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The Culture of Human Rights

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Organizer: Muhammad Waqar Azeem

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Sophia A. McClennen and Joseph R. Slaughter in “Introducing Human Rights and Literary Forms” warn: “Human rights are under threat everywhere, especially when the language of human rights is used to justify their violation” (Comparative Literature Studies 2009). They notice that through double-speak the states exercise violence to advance their jingoist agenda in the name of protecting the rights of the children and women, as George Bush did while invading Afghanistan in 2001. James Dawes complements this foregoing view in his “Human Rights in Literary Studies” when he argues that aesthetics captures human rights because both categories deal with “human dignity” (Human Rights Quarterly 2009). In his more recent and advanced study The Novel of Human Rights (2016) Dawes brings the American novel in tension with the ethical pressures on the novelists to engage civil rights in the US. In their recent edited book Technologies of Human Rights Representation (2022), Moore and Dawes connect the question of human rights with representation: “Human rights as representation, then, ask questions like these: How do new technologies not only change the modes available to us to shape and disseminate information but also set the parameters for what counts as information, what counts as representable?”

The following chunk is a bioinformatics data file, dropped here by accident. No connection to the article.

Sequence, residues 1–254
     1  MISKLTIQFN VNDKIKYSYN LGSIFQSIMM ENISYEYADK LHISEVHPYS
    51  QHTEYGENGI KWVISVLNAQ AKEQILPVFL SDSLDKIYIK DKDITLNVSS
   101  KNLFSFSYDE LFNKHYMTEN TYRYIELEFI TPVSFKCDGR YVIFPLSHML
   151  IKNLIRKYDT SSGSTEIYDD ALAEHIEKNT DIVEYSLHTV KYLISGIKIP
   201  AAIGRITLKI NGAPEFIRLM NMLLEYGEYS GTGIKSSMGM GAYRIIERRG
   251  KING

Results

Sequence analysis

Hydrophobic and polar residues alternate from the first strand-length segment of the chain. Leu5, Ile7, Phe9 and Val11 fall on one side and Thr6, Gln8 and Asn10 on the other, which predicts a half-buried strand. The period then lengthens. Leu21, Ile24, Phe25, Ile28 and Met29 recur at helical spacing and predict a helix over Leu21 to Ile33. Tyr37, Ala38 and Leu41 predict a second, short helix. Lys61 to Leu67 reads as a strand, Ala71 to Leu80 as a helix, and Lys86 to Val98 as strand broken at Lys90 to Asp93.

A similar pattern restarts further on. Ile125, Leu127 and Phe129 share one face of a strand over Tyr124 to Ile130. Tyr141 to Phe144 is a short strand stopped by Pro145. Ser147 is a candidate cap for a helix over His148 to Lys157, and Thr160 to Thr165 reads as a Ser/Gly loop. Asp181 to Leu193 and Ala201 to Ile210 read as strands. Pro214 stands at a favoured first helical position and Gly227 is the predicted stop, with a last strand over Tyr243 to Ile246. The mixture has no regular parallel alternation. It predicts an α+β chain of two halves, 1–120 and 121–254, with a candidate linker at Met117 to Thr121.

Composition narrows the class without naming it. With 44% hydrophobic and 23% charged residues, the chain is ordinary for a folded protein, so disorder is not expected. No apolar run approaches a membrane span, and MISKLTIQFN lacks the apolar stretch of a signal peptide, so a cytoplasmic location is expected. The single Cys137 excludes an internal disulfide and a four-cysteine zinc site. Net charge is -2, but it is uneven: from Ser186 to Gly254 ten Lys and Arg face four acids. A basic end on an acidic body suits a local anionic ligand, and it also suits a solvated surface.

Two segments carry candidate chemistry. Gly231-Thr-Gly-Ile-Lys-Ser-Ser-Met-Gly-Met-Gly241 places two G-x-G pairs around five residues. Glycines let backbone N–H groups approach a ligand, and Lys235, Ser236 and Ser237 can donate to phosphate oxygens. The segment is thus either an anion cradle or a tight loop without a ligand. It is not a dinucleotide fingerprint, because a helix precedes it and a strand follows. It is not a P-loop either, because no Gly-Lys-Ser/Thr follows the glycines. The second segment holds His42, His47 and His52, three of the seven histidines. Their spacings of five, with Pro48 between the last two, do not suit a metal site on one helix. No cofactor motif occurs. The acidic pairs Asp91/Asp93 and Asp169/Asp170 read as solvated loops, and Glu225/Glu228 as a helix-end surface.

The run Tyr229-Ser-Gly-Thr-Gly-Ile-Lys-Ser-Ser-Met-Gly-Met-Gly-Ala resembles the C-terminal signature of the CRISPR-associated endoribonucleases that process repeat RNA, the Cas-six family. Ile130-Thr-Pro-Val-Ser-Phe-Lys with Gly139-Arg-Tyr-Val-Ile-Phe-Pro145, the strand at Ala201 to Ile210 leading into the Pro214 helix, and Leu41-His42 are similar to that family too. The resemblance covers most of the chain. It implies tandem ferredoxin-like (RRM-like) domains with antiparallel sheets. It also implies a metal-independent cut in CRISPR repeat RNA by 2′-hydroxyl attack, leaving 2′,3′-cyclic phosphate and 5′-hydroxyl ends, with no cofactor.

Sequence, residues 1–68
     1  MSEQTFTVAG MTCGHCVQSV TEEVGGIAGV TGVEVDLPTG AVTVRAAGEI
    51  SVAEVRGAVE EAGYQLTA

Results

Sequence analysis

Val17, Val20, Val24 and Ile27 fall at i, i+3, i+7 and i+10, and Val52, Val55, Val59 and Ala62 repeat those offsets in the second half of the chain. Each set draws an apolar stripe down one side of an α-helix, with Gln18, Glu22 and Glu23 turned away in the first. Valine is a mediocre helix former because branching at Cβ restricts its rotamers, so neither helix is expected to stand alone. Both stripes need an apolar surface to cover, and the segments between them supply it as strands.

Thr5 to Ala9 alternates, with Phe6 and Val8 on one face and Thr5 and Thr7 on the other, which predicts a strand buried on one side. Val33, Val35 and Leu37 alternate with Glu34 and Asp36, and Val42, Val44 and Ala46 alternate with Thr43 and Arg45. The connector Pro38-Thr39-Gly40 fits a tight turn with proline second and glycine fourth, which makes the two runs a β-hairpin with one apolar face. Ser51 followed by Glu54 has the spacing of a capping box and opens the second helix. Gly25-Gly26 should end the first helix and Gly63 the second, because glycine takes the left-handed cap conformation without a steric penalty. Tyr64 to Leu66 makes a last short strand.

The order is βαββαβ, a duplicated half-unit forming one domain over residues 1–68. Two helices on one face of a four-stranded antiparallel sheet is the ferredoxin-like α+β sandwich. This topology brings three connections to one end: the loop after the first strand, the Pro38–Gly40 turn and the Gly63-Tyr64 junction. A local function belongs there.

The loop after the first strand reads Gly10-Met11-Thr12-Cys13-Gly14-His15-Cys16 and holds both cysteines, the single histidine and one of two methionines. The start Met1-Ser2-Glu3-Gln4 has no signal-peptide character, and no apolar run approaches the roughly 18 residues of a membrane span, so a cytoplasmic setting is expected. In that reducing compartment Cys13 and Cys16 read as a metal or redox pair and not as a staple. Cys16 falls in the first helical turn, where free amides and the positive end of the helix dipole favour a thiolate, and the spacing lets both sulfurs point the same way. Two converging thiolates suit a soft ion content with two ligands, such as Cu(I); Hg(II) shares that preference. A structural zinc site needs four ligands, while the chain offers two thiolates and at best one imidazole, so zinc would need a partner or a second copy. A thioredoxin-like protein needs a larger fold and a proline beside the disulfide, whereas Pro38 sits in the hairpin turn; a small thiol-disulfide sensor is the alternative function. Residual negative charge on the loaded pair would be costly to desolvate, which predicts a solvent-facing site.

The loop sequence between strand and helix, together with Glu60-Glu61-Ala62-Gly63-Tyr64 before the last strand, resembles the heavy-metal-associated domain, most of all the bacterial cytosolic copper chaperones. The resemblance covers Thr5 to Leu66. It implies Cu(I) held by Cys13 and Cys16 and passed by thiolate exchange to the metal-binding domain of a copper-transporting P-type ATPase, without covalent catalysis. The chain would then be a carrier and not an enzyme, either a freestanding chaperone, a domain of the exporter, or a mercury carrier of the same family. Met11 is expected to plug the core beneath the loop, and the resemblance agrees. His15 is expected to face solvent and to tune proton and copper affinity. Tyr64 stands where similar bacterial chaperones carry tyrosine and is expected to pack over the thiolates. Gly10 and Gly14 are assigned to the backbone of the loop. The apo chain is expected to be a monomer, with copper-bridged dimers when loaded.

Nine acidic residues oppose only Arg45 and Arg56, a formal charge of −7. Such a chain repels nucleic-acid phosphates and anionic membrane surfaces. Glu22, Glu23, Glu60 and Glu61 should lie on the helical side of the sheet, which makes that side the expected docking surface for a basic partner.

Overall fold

To extend the above debate, and to negotiate and reflect on human rights through literary and cultural studies, this panel engages with the representations and their forms which do not count as such in the popular imagination. Please submit your proposals of 250-words which focus on the peripheral literary and cultural representations of human rights, and which bear witness to the gross violations not being recognized in the mainstream discourse.

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